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Confused.com’s guide to generating domestic renewable energy

solar panel and wind turbine energy farmUnderstanding and harnessing the power of nature in your own home

If you want to go green and save money on your electricity bill, why not start generating power yourself. Confused.com’s simple guide can show you how to become a green energy generator as well as a consumer.

What is renewable energy? 

Renewable power harnesses inexhaustible natural resources – such as energy from the sun, wind, core heat and water – instead of exhaustible ‘conventional energy’ resources such as coal, oil and natural gas.

For several years consumers have been able to buy green energy from the power companies, but these days it’s possible to start generating the green stuff yourself – and you could even receive help with the costs.

So with a little investment and a little know-how, you could turn your fossil fuel-dependent home into a green-energy palace.

SOLAR POWER

Solar power uses the energy of the sun to create electricity or to heat water for your home.

How do solar panels work? 

The sun’s energy is trapped by solar panels that use special photoelectric cells to convert light energy into electricity.

Solar panels don’t need strong sunlight to function, just regular daylight will do. However, long hours of strong sunlight will obviously generate more power than a grey winter’s day.

The beauty of solar panels is that the power they generate can be used straight away or linked back into the power grid – so if you happen to produce more than you need, you can sell it back to an energy provider.

What’s involved?

Solar panels can be installed on roofs and conservatories – basically anywhere that can hold some weight and attract light. They can range from grey solar tiles (that resemble roof tiles) to transparent cells that can be fitted on conservatories.

What’s the cost? 

The cost you pay depends on whether you opt for solar tiles or panels. Solar tiles have a higher price tag than conventional panels, but you can expect to pay around £5,000 to £8,000 per kilowatt (kW) yield, with most homes requiring 1.5 to 3kW.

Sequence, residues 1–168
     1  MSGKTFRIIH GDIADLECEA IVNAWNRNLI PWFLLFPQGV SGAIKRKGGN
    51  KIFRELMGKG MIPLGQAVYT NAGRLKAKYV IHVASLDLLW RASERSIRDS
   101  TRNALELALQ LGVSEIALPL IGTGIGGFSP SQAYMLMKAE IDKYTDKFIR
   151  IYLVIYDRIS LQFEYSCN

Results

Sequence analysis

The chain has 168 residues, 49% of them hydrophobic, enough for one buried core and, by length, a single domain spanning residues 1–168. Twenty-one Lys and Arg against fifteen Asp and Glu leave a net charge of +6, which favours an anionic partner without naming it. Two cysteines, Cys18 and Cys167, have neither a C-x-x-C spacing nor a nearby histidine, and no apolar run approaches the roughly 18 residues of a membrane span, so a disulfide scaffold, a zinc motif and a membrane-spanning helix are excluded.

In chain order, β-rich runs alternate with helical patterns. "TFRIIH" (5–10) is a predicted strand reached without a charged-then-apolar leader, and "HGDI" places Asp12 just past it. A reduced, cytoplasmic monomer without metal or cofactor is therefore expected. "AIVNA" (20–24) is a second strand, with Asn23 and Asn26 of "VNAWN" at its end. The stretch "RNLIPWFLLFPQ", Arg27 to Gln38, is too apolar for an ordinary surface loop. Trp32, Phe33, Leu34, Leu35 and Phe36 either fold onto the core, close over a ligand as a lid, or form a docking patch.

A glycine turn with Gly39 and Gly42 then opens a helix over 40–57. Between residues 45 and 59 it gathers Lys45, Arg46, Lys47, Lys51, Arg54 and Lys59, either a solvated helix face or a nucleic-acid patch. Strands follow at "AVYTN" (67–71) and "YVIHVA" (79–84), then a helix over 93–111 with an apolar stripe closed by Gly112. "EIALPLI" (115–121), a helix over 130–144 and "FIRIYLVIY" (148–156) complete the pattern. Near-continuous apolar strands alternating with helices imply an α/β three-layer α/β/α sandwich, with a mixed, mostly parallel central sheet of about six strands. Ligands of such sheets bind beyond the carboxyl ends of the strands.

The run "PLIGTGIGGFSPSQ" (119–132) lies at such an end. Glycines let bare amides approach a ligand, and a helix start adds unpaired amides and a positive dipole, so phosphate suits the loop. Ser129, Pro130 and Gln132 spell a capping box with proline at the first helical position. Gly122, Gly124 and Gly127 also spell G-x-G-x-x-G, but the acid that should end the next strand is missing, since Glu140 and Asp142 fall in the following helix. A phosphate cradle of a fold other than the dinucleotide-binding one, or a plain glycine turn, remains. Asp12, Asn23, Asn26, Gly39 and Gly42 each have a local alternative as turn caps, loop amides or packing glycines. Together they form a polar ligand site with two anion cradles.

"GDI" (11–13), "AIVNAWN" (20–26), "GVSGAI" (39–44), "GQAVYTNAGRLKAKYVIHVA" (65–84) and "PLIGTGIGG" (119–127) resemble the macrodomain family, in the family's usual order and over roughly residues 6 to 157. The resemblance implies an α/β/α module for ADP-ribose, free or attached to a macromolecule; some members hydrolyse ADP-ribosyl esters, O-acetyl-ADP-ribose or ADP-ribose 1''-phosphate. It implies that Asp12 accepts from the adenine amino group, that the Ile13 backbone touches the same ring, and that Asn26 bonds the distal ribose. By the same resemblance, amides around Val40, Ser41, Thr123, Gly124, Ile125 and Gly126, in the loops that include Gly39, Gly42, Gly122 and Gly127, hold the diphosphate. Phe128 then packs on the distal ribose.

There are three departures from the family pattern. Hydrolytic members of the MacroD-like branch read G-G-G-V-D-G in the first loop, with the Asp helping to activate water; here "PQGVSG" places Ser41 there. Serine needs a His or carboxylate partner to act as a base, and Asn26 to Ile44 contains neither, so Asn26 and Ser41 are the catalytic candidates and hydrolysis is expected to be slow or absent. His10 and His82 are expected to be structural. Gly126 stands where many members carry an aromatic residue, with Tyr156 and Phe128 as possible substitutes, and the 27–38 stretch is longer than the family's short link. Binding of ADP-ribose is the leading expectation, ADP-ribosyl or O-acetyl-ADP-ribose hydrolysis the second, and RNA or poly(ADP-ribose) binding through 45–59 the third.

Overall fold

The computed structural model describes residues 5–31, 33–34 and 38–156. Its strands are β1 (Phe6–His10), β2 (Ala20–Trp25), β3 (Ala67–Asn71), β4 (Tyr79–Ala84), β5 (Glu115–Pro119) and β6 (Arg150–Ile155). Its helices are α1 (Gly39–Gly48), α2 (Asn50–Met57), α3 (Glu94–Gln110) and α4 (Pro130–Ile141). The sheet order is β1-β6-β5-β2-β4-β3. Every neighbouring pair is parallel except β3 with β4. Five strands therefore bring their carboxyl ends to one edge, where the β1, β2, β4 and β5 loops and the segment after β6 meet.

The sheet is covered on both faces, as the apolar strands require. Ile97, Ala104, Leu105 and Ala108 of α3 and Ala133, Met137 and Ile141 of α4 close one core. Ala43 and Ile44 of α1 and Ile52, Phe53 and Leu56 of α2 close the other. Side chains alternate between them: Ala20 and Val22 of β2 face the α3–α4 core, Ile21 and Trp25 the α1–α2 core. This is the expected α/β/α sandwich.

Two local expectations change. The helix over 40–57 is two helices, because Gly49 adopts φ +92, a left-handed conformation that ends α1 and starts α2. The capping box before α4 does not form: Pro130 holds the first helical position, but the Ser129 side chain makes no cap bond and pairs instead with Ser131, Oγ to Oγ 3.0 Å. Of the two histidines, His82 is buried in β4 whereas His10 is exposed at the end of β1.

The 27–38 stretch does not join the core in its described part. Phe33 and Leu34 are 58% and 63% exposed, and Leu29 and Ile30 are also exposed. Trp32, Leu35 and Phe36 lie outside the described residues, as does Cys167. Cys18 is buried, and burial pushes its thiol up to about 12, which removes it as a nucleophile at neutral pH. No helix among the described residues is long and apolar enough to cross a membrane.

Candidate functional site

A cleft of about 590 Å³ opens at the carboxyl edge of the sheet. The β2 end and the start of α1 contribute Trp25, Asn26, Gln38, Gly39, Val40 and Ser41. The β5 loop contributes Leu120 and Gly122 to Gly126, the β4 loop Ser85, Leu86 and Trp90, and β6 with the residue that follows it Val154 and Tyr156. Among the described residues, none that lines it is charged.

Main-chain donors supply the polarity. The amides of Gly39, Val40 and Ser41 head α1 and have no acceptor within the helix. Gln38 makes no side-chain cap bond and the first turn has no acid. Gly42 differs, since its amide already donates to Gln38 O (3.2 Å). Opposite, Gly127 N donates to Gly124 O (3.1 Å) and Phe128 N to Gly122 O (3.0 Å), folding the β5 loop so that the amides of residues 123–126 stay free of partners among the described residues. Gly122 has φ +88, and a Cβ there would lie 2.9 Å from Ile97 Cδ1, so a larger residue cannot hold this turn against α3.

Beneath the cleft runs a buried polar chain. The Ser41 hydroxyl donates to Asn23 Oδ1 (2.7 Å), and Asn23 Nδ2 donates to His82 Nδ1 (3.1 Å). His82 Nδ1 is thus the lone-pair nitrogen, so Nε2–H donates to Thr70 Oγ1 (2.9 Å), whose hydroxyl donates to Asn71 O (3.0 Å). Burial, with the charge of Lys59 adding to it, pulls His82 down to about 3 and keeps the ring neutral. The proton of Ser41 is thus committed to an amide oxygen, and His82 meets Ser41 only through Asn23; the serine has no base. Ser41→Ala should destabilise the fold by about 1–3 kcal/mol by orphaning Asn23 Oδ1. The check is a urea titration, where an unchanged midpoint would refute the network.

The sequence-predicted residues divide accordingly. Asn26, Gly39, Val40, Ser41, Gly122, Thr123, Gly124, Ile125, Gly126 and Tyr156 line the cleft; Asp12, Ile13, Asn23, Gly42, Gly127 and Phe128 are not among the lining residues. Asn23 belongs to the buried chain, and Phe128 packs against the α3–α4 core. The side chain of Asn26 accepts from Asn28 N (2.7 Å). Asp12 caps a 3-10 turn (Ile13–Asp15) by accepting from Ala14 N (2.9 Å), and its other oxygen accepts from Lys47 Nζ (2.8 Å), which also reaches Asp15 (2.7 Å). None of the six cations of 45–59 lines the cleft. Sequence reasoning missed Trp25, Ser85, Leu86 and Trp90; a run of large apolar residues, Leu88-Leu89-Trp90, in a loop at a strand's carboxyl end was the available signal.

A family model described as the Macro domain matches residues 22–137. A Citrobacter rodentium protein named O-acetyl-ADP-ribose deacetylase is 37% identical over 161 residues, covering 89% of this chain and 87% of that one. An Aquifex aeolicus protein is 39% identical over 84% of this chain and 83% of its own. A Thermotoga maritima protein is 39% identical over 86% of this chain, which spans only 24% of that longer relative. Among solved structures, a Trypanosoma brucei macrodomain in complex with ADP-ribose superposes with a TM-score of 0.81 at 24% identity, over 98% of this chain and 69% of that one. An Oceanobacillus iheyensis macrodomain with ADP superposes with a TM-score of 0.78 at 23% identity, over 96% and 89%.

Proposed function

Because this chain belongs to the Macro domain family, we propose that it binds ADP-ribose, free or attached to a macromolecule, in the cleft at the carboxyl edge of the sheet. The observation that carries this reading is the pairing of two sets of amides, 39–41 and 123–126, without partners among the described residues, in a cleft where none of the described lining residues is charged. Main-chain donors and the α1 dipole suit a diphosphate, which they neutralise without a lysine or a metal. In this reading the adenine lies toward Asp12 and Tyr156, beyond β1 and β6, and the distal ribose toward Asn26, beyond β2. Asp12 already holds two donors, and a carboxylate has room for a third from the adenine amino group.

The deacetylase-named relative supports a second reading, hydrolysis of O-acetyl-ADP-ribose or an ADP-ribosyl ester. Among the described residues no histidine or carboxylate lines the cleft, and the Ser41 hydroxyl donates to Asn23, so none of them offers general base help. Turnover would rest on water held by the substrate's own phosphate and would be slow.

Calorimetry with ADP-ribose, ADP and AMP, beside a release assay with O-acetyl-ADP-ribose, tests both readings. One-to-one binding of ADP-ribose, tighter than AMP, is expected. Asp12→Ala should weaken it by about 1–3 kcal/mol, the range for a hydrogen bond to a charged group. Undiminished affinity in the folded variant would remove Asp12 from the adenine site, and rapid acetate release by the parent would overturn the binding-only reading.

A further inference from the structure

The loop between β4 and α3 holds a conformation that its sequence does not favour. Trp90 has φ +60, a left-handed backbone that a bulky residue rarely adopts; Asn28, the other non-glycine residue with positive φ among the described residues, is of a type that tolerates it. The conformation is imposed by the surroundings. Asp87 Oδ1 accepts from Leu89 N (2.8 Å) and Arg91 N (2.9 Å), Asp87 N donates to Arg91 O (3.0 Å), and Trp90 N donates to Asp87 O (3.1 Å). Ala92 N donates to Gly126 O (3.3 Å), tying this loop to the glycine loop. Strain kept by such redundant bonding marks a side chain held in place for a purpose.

WIND TURBINES

Today’s modern wind turbines can be found on rooftops or as part of large windfarms around the world.

The world’s biggest proposed windfarm, the London Array, is set for development just 20 km off the coast of Kent and Essex. It will consist of 341 turbines and create 1,000 megawatts of energy – enough to power one-third of London homes and save millions of tonnes of CO2 every year when it opens in 2010.

How do wind turbines work 

When wind moves the blades of a wind turbine, an internal rotor spins, and electricity is generated. The faster the blades turn the more electricity is produced, which is why wind turbines are best located on a mast or tower, ideally on a hill with clear exposure to the wind.

What’s involved?

Wind turbines are suited to homes with an annual average wind speed of 6 metres per second or more, and where there is no obstruction from nearby buildings, trees or hills to block the wind.

What’s the cost?

Depending on whether you install it on a mast or a roof, you can expect to pay anything between £1,500 to £20,000 for a turbine, mast, inverters, battery storage (if required) and installation – depending on the size and system.

However, the turbine should last over 20 years, requiring checks every so often and battery changes every six to 10 years.

Any surplus electricity produced by the turbine can be sold to an electricity company and fed into the national grid.

Is there funding available?

Domestic renewable energy isn’t cheap, and returns aren’t necessarily that fast, but you can apply for Government funding to help pay your way to a greener home.

To qualify for a grant, you’ll first need to get planning approval from the council. Your home must also be have at least 270mm of loft installation (or cavity wall insulation), low-energy light bulbs throughout, and basic controls for your heating system including room thermostat and programmer or timer.

The amount of funding varies on technology, with up to £2,500 for any one property available for up to three different green technologies. All you have to do is contact the Low Carbon Buildings Programme to apply for an online grant or contact the Energy Saving Trust to find out more.

There are also other ways to apply for funding. One is through Renewable Obligation Certificates (ROCs), or other green energy certificates, which entitle you to money for generating energy. Your local council or Regional Development Agency may also have monies you can access.

Failing that, some banks offer green loans to help you make eco-friendly changes to your home, such as installing microgeneration projects.